Yingluck Shinawatra, who has been elected the first woman prime minister of Thailand, has been a shadowy figure on the Thai scene up to now. In her TV interviews she comes across as a typical Thai female presence: deft, slightly steely, understated, her gestures measured and imperturbable, the charm calculatingly uncalculating. She will cut an interesting figure on the world stage. At once corporate and feminine, dynastic and individual, she has joined the ranks of Golda Meir, Margaret Thatcher, and Indira Gandhi without the gender-war boilerplate of her American counterparts or the stern asexuality of an Angela Merkel.
Thailand’s easy tolerance of the sexual-entertainment business has often befuddled outsiders into assuming that Thai women enjoy little in the way of independence or status. Nothing could be further from the truth. There’s no Annie Oakley in Shinawatra, but then there doesn’t need to be. She has gotten what she wants by stealth and speed. Three months ago, she was hardly a political figure at all.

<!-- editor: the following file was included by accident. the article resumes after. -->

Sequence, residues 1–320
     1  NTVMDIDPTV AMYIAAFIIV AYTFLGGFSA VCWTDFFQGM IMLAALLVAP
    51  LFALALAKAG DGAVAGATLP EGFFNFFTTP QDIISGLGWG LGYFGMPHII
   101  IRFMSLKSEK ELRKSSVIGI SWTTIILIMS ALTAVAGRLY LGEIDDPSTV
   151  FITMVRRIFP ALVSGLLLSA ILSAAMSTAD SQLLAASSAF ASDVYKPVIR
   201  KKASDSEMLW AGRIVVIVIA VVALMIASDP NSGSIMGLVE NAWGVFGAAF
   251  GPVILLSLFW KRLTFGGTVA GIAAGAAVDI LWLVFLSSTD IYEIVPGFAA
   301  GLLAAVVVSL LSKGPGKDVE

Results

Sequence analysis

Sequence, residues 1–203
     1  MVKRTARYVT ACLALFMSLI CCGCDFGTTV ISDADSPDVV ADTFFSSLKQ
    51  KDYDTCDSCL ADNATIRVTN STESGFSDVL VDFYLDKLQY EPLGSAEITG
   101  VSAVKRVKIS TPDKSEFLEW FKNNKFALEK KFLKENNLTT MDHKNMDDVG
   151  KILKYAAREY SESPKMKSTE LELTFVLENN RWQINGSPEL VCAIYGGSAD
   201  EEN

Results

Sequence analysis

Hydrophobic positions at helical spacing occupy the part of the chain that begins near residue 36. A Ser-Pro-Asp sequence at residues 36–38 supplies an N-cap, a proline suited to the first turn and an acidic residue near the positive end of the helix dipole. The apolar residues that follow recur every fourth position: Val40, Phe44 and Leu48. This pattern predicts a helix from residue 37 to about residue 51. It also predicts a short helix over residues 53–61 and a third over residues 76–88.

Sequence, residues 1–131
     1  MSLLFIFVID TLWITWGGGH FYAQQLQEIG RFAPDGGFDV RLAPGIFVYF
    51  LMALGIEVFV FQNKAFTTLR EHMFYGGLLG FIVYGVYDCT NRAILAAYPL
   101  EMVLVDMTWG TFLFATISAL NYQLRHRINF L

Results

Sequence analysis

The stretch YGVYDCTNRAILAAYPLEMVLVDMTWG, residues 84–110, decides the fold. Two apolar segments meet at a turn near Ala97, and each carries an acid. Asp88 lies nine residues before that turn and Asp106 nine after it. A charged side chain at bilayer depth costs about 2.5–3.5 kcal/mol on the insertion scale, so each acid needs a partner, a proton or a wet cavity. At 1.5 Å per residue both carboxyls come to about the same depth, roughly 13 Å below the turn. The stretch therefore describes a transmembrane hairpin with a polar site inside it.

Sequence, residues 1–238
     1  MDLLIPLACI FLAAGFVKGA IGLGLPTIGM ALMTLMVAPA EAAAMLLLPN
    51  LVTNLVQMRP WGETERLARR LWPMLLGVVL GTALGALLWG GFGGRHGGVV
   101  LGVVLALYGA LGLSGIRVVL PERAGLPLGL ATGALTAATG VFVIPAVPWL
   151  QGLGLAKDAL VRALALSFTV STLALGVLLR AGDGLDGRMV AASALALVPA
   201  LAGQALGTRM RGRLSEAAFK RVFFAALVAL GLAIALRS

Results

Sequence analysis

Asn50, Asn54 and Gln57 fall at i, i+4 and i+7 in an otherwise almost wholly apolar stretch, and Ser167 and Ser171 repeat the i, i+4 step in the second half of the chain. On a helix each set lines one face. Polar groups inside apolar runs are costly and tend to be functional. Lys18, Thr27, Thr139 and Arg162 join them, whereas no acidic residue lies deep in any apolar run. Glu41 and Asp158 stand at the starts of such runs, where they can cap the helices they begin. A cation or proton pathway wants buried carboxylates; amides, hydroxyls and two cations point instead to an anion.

But of course she has not been elected purely on her merits. Yingluck’s older brother is Thaksin Shinawatra, the bête noire of Thai politics. The former prime minister was ousted by an Army coup in 2006, and from his exile in Dubai he has often vowed to return with a vengeance. His little sister might be able to help.
When Shinawatra is asked if she is merely her powerful brother’s “clone,” she says, without batting an expertly sculpted eyelash, “Yes, but only when it comes to logical thinking.” She is often asked if her femininity will be the key to her ability to affect conciliation in a country rocked by massive unrest and conflict, and again the answer is yes. “Female two-way dialogue,” she says, smiling like a restaurant hostess while looking the male interviewer in the eyes as if she is about to impale him on the fine point of a hairpin. It’s charm as bone-breaking jujitsu.